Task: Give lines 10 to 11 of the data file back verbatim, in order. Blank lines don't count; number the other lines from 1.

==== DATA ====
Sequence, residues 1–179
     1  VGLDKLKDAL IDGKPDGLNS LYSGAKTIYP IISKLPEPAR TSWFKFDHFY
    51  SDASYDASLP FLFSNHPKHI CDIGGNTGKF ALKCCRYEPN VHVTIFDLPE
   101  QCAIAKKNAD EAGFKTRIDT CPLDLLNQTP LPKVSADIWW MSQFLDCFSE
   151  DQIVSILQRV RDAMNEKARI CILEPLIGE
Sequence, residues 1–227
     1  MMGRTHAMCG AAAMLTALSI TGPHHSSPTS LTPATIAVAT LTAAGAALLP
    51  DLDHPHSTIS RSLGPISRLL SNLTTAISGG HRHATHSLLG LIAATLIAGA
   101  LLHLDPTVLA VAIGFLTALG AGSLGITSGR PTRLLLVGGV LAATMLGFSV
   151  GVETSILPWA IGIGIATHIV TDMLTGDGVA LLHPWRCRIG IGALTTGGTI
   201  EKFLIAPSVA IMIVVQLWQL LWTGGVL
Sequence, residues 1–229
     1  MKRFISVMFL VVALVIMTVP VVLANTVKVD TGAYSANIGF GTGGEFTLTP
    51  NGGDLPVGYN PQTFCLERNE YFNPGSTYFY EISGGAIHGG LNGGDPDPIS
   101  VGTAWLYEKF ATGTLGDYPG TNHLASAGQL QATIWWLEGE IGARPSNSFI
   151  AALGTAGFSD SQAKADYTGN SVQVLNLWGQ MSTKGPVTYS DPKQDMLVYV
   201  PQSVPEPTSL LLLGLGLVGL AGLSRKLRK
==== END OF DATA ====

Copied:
   151  GVETSILPWA IGIGIATHIV TDMLTGDGVA LLHPWRCRIG IGALTTGGTI
   201  EKFLIAPSVA IMIVVQLWQL LWTGGVL